We made trips to and from Union Station in Chicago often enough that I remember it well, but not so often that it wasn't a thrill. We seldom drove downtown while we lived there, but caught the commuter trains from LaGrange. It was especially exciting to be carrying luggage to the boarding area, though we had been warned to travel light! If you look at my folks' photos from that trip, I'll bet you see two little girls alternating the same jumpers and shorts for our two or three days out there.
We didn't have the first class Pullman room, but I do think we had a roomette on this trip. The bunk folded down and the two chairs folded over so there were two twin beds. Laura and I had one little sleeping area and my parents must have had one next door. Laura had a tendency to fall out of bed; she never had the top bunk at home, so I slept in the fold down bunk. I'm sure we amused ourselves on the train as we always did; playing lots of Rummy, and War; reading our books and looking forward to the meals in the diner and the trips for soft drinks in the 'club car'. My mom always had large totes of food so we wouldn't have to buy much; I think most of her packing involved sandwich fixings and pretzels and vanilla wafers and bananas. The hamburgers in the dining car were always grilled and I didn't like the 'crunchy stuff' on them at that age. A train trip was the one time I was indulged and able to order a club sandwich. I felt I'd hit the big time when my sandwich arrived, cut into triangles and stabbed with a frilled cellophane toothpick. Even though Laura and I had no real need of a menu, we took one and even read the entries under 'ala carte' at the bottom of the page.
From our social studies class, I knew Pittsburgh as 'steel town' and riding through there at night did not disappoint. The view from the train window was as industrial and gritty as I had presupposed. And my memory of Baltimore was of mile after mile of warehouses and electric train wires. I was surprised at how often we changed states; the scale of the trip to Washington, D.C. certainly differed from our trip out west the previous summer.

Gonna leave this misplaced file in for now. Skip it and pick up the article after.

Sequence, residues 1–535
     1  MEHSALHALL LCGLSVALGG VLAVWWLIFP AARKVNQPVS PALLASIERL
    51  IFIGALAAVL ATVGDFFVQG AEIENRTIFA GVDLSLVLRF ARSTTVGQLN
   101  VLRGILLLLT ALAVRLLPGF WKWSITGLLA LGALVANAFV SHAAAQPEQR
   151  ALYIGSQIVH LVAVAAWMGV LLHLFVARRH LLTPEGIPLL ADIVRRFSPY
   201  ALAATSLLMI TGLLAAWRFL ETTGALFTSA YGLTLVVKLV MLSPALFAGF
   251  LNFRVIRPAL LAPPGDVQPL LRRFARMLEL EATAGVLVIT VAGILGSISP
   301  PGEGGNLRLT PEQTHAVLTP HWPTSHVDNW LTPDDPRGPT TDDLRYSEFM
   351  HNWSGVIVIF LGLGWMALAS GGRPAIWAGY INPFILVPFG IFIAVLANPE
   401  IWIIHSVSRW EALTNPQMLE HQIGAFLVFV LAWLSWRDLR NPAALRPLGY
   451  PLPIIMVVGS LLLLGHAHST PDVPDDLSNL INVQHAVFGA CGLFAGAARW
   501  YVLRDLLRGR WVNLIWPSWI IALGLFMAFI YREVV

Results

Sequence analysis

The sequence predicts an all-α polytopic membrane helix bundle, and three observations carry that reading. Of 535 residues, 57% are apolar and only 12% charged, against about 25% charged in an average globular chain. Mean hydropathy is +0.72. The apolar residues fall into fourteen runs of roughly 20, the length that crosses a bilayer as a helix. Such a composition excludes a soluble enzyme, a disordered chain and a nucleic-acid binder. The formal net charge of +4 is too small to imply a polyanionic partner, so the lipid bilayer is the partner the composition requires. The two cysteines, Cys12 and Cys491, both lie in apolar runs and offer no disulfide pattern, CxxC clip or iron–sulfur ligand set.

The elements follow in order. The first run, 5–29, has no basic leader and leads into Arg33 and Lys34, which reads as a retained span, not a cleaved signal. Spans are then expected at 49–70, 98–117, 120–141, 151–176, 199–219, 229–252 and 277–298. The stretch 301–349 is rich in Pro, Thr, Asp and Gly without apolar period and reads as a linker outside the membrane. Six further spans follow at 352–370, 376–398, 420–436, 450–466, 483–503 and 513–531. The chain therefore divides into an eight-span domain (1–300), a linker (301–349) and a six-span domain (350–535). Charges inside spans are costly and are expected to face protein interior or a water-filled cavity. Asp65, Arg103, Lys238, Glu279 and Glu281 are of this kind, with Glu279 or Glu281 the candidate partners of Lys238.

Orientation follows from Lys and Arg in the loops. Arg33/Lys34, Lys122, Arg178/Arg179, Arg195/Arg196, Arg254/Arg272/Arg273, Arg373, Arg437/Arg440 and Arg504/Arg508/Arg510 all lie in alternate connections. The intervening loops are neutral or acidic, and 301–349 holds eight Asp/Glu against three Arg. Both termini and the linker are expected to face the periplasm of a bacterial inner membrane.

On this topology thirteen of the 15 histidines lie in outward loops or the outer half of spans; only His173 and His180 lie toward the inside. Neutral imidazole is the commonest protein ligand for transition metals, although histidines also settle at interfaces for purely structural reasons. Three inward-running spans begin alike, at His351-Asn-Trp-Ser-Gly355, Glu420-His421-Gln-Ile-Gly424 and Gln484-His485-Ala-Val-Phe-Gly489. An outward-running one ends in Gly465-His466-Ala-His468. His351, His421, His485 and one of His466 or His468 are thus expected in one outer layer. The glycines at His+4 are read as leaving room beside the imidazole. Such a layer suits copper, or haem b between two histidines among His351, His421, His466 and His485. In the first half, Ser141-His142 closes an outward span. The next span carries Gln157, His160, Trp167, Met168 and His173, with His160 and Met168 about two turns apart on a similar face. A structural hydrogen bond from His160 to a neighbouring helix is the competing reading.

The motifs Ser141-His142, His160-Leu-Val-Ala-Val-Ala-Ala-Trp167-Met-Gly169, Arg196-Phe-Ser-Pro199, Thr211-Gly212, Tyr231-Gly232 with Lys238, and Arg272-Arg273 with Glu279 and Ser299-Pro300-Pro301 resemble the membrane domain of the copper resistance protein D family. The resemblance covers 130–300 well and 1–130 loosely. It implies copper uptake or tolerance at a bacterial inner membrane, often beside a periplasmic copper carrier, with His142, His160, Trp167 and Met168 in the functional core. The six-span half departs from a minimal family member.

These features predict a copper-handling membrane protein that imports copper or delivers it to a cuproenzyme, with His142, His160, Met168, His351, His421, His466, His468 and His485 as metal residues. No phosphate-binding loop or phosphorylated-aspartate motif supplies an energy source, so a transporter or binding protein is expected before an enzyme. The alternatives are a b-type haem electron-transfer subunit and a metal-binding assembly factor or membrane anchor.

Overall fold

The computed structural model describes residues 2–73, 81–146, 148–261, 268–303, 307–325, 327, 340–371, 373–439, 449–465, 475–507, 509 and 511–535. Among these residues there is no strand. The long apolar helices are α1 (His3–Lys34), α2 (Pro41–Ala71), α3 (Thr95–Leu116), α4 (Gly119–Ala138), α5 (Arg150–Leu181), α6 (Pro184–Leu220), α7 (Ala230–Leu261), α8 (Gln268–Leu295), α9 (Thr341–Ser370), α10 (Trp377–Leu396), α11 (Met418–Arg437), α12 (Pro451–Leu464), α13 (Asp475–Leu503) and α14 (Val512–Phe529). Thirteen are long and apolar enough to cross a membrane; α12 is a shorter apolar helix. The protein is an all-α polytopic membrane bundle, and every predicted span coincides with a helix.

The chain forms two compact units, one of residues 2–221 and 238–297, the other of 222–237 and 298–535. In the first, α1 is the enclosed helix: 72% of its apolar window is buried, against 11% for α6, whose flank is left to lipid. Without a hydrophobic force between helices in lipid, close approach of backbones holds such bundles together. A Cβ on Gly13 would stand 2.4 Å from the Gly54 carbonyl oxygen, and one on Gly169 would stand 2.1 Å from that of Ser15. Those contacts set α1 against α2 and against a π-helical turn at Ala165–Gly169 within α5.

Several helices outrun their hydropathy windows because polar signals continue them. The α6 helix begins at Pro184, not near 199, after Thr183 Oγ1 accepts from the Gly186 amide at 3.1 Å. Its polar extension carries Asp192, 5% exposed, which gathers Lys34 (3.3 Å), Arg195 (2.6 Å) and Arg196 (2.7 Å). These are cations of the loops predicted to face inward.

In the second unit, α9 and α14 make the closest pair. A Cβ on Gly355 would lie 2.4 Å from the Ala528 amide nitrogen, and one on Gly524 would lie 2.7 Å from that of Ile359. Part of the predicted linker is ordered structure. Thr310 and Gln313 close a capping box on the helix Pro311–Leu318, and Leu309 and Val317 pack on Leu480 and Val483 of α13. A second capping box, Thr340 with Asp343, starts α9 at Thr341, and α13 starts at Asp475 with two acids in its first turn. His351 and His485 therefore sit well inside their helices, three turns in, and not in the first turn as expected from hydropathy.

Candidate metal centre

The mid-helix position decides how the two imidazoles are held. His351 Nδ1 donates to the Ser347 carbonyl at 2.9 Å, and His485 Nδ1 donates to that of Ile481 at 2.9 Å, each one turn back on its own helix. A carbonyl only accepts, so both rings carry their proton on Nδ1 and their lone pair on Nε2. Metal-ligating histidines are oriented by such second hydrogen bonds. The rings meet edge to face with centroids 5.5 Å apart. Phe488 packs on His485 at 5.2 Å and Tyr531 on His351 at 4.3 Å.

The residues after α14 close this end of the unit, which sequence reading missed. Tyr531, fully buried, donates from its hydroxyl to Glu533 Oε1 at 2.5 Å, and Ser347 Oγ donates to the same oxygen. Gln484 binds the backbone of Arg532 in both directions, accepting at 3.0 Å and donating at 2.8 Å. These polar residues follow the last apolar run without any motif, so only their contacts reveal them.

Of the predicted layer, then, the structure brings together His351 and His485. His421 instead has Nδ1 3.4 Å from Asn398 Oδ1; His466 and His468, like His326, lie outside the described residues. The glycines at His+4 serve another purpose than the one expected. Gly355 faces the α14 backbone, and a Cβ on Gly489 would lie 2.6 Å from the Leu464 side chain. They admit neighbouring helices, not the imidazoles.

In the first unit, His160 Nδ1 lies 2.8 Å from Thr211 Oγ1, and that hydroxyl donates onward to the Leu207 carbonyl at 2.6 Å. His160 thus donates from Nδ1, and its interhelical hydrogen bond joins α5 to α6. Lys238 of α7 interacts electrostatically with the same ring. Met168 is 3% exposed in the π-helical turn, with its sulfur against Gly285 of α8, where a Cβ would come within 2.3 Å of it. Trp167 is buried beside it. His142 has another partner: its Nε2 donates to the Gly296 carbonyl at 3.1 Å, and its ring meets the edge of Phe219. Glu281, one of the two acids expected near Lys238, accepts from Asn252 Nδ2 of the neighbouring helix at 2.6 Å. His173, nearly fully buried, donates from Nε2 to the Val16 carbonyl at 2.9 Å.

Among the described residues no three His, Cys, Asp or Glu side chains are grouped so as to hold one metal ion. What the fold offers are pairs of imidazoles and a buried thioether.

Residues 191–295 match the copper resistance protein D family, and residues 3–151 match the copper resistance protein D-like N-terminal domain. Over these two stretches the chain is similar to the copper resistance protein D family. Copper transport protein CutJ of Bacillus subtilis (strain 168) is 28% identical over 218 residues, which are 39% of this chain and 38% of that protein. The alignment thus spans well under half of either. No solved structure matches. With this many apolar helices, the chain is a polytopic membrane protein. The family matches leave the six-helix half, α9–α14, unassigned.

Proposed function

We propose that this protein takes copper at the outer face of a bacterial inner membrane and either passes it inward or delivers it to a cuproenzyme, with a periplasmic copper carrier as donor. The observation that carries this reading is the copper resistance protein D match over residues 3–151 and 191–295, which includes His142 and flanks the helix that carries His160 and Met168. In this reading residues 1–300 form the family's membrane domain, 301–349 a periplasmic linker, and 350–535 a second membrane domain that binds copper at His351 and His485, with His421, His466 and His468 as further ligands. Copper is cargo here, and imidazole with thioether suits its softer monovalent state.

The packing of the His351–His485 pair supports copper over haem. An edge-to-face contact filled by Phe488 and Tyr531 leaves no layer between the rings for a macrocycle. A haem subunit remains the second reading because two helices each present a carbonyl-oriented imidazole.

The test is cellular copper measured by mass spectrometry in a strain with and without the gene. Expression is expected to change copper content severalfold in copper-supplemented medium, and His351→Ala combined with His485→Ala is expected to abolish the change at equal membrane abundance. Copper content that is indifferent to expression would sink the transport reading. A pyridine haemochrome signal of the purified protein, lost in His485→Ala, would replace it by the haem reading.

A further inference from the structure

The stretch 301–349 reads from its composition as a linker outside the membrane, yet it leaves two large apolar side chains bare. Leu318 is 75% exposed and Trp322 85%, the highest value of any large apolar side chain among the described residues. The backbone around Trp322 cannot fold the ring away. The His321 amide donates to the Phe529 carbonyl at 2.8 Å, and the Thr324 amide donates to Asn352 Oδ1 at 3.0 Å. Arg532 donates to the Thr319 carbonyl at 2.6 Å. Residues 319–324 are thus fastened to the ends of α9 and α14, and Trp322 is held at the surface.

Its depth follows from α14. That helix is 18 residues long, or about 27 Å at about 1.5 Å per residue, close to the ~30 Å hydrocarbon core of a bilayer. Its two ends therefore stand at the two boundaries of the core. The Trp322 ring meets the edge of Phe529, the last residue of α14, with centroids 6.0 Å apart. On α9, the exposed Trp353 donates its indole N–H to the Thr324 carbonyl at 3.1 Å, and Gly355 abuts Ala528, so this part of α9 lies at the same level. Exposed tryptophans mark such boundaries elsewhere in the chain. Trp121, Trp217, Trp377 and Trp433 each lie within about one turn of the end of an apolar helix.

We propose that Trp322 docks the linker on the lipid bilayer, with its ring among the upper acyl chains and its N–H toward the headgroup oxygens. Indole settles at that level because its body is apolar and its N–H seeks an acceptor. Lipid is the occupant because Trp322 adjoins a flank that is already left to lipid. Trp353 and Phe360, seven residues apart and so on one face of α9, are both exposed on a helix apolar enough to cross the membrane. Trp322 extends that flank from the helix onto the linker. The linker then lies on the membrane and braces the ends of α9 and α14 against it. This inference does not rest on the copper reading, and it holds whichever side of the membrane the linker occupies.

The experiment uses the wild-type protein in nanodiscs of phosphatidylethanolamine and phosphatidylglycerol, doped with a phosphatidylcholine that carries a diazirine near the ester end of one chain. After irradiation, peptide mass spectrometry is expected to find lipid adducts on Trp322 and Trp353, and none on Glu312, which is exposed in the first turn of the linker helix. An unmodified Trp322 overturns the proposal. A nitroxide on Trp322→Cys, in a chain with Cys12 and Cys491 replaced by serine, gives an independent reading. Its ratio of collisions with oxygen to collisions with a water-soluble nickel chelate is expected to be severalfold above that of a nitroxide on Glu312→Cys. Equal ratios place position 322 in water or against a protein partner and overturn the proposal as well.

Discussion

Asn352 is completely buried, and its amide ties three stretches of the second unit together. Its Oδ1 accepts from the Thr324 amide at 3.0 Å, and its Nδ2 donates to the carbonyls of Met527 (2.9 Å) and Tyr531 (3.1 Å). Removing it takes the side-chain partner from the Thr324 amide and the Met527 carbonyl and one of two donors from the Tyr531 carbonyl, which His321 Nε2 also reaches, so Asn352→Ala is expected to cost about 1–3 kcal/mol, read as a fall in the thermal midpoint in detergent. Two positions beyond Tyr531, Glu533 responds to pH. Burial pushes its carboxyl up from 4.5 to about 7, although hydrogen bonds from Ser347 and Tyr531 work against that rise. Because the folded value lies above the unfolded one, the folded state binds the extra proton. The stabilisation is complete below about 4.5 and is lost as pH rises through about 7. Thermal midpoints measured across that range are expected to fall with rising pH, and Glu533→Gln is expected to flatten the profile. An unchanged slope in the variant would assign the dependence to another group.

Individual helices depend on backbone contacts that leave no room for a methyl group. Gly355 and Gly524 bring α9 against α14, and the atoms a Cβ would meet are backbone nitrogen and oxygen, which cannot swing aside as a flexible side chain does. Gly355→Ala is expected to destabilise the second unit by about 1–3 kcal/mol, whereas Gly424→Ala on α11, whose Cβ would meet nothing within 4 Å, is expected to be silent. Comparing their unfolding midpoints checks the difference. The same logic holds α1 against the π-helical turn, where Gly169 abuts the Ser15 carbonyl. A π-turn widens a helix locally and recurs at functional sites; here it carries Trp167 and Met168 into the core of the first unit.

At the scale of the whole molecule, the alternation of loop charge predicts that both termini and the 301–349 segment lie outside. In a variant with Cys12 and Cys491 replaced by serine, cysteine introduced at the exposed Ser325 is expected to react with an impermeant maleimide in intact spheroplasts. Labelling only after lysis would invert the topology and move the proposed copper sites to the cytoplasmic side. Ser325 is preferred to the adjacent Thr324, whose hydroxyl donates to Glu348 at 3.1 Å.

We walked to our hotel from Union Station. I wish I knew where it was because it certainly doesn't exist anymore. It was called the Hambletonian, I think; the first real hotel I had ever stayed in. We had high ceilinged rooms several floors up. It wasn't a new hotel by any means: I'm certain of that even 40 years hence. I seem to remember our room being a mint green and the bathroom being large and tiled.
Washington was hot; it was summer after all. Little kids played in the fountains and there were long lines at the White House and the Washington Monument. At that time, you just lined up first thing in the morning at the White House and waited your turn. Our family was not the type to wait in long lines, not when you could visit any number of places with no lines at all! So we walked...and we walked. We did make it to the top of the Washington Monument; there was some discussion of taking the steps, but I know at least some of us waited for the elevator. I haven't been up there since, but I do know I thought the view was worth it! I still love looking over the city; whether from the top of the old Post Office or the offices of the Farm Bureau. We visited the Smithsonian; I assume the Natural History museum because I don't think the American History museum even existed! I know we ate in the cafeteria there because my poor sister suffered from strept, was on some antibiotic and threw up the pink stuff all over the cafeteria. We had little pink watches from Granny, I believe, and she was broken hearted because hers was ruined.
I loved the Jefferson Memorial, the whole round dome and situation on the Tidal Basin. We walked to the Lincoln Memorial and sat on the steps to hear the Marine Band play a concert on the Potomac. My father gave me the binoculars so I could see over to Arlington and Rob't E. Lee's home. The evenings were so pleasant after the heat of the day.
I brought home souvenirs from Washington. I had a copper looking model of the Jefferson Memorial and one of the Washington Monument. They were substantial metal and lived on our shelves when we returned home. I'm sure I should remember more of that trip, but I certainly do recall agonizing over how to spend my money for souvenirs!
I can't wait to take Aaron to Washington D.C. He's just about old enough to walk the miles it takes from Capitol to Monument. He may not catch all the details of the history of the place, but he'll remember the statues and the buildings and their grandeur. He'll remember all the people there, too, all the teachers, students, moms, dads and kids, taking in the sights of their country.